For sure, we are all still in shock and greiving from the Sandy Hook Elementary shooting. I watch a lot of cop and law shows, and there is plenty of death, but I always simply think of it as fiction. When something truly tragic happens in the world like last Friday, I find myself completely stunned. It’s honestly hard for me to believe that people exist who can commit such haneous crimes. I’m just not sure how to absorb it. However, the last few times, I keep coming back to some of the same conclusions.
Yes, I agree with those who pipe up for tougher gun laws. Yes, I absolutely believe that these people needed Jesus in their lives. But where I feel we truly fall short is the mental health issue. Weapons of some sort will always be available to those searching for them. But it is vital to reach these people in their hearts and in their minds before they decide to reach for a gun.
I’ve heard the mental health issue brought up in conjunction with several of these massacres, but it’s more in the fact of the gunman struggled with a mental health issue. I’m not sure I’ve ever heard anyone talk specifically about diagnosis or treatment of mental health issues, and I feel that’s a shame. It seems that still today, this issue is still too taboo. Its time we wake up. The statistics are against us. They are too large to ignore. As long as these people are suffering with no one to help them, the pain will rise to the surface somehow, someway.
We need to be able to understand and become more compassionate to these people who are hurting so desperately. We need to know how to recognize the signs, and get them the help they need. It begins with those closest to them—friends and family. While yes, some of these behaviors come out of left fiield, I believe there are some which probably do not. We’ve all been in situations before where we could look back and see red flags. These behaviors could very well be the manifestation of thoughts and feelings that have been boiling underneath for years. True, some may also not want help. And in those cases, it may be more prudent to warn an authority figure as a precaution. And several of these gunman have been bullied. I wonder if people were there to help them recover or stand up for them. I wonder if anyone could’ve at least reported them to the police before it was too late. I wonder why getting them help is too shameful or too intrusive. I wonder how much we really care.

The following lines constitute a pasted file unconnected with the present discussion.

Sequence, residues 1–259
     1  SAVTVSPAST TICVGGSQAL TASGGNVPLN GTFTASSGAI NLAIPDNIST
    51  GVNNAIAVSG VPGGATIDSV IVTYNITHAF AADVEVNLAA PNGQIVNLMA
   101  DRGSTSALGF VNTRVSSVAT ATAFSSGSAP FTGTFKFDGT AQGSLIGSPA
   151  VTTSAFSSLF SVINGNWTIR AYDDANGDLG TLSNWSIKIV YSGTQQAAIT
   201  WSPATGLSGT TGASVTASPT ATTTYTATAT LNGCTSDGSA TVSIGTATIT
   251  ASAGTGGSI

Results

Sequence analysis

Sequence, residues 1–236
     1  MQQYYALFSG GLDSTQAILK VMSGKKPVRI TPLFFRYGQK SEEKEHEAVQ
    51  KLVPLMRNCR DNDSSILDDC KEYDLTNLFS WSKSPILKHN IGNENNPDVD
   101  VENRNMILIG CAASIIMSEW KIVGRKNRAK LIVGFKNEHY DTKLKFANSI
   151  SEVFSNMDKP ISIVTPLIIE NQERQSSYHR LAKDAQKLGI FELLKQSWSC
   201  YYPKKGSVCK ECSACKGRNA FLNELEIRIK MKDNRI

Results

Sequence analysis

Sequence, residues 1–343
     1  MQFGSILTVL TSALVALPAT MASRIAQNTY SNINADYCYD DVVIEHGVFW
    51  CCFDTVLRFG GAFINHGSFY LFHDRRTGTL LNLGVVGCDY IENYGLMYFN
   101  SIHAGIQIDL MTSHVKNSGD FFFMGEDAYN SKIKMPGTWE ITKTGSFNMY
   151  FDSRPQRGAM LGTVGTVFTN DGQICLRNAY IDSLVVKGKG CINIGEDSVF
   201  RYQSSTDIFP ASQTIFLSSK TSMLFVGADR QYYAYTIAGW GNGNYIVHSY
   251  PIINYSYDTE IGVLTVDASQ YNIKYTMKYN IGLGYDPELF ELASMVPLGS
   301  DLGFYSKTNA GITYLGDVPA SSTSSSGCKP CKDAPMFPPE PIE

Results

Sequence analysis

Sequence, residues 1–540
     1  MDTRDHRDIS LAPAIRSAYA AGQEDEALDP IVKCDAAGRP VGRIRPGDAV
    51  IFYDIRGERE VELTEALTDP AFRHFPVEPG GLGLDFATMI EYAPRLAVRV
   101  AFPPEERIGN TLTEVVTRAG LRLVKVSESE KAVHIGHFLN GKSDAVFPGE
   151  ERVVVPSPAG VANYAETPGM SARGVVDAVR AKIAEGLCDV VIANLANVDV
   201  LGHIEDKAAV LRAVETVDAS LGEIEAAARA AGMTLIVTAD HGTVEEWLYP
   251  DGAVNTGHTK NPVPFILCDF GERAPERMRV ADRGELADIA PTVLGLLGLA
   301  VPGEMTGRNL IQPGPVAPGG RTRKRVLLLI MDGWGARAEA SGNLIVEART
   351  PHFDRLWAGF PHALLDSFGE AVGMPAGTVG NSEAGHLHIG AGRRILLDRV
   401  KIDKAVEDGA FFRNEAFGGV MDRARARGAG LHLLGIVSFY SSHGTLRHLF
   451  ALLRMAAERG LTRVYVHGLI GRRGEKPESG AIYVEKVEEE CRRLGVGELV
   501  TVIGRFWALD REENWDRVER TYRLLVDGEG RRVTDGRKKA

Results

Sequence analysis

I have an awesome group of friends. I’m beyond thankful for them on a daily basis. There are many reasons why, but one of those is that many of us have been through counseling, pyschologists and psychiatrists, and we are not ashamed to talk to each other about it. We somehow found the strength to ask for help when we needed it most. And we are all better for it. It is not taboo for us. It is part of who we are. In fact, several of my friends have even gone on to get degrees in counseling in order to help others. I have no doubt that if one of us tried to go off the deep end in some way, the rest of us would interceed. Thats what friendship and love does.
I hope that more people will begin to see the need and benefits to exploring mental health. On my local news last Friday, the anchor woman said there had been 125 mass shootings since Columbine. I couldn’t believe that number. It was so much higher than I expected. I remember, probably like many of you, exactly when and where I was when I heard about Columbine. It will forever be burned in my memory. I remember praying for nothing like that to ever happen again. I’m so very sad at how far we’ve come.
So, yes, let’s create tougher gun laws. If we are Christians, let’s tell those who are hurting about our Saviour Jesus. But let’s also learn to recognize and deal with mental illness as a society. If we don’t, we will only be treating major wounds with band-aids.